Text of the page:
This module provides you with the opportunity of choosing and working on a project that reflects your interests and aims and outcomes of your programme. It should constitute a practical problem-solving project relevant to your programme of study. The primary aim of the module is to consolidate and deepen your understanding of material taught on your programme, to exercise professional judgement, to undertake individual research and to conduct an investigation and/or develop a product, process or application relevant to the focus of your programme. It provides you with the opportunity of engaging in significant system development, the typical output of which represents the solution of a problem akin to those that you as a fledgling professional practitioner are likely to encounter in future employment. The module intends that your choice of individual project will provide you with a significant opportunity to reflect on your learning progress and to develop your learning for life-long and career development.

    • Systems Engineering for Robotics (30 credits) - Optional

      This module aims to develop understanding of the integration of modular robotic and sensor systems. It will enable students to acquire practical skills of robotic software/hardware integration and validation. In addition it aims to develop understanding of human robot interaction.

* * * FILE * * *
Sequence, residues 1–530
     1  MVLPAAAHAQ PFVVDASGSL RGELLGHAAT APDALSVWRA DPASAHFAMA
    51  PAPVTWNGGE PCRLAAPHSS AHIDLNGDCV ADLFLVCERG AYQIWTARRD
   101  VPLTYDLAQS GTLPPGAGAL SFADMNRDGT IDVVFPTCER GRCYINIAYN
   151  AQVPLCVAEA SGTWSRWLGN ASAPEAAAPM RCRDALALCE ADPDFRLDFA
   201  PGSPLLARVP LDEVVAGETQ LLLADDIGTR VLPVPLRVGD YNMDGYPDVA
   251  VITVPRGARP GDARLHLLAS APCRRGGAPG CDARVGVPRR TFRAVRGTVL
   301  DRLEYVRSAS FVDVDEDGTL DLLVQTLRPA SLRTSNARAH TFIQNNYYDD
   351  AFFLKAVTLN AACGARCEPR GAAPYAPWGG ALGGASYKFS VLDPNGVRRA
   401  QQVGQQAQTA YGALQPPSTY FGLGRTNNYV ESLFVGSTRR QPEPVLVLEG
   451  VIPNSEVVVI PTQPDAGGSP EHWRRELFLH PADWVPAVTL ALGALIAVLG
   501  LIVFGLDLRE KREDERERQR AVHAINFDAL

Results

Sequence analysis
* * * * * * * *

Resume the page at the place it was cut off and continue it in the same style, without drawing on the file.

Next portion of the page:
• Web-Based Mobile App Development (30 credits) - Optional

      This module aims to develop a deep understanding of the latest web-based app programming techniques, frameworks, and methodologies used by the industry to develop the next generation software that can be deployed on any mobile devices (both Android and iOS). The module will investigate, develop, and deploy latest programming language standards that are fundamental to app development and currently being widely employed in industry. Modern programming frameworks will be introduced to provide the essential software architecture for large-scale software development and the ability to target either the Android or iOS platform. The module will cover the three most important components of a complete mobile app: front end, back end, and system administration.

MComp modules

  • Year 1

    • Programming (30 credits) - Compulsory

      To provide students with an understanding of the foundations of programming.

    • First Year Project (30 credits) - Compulsory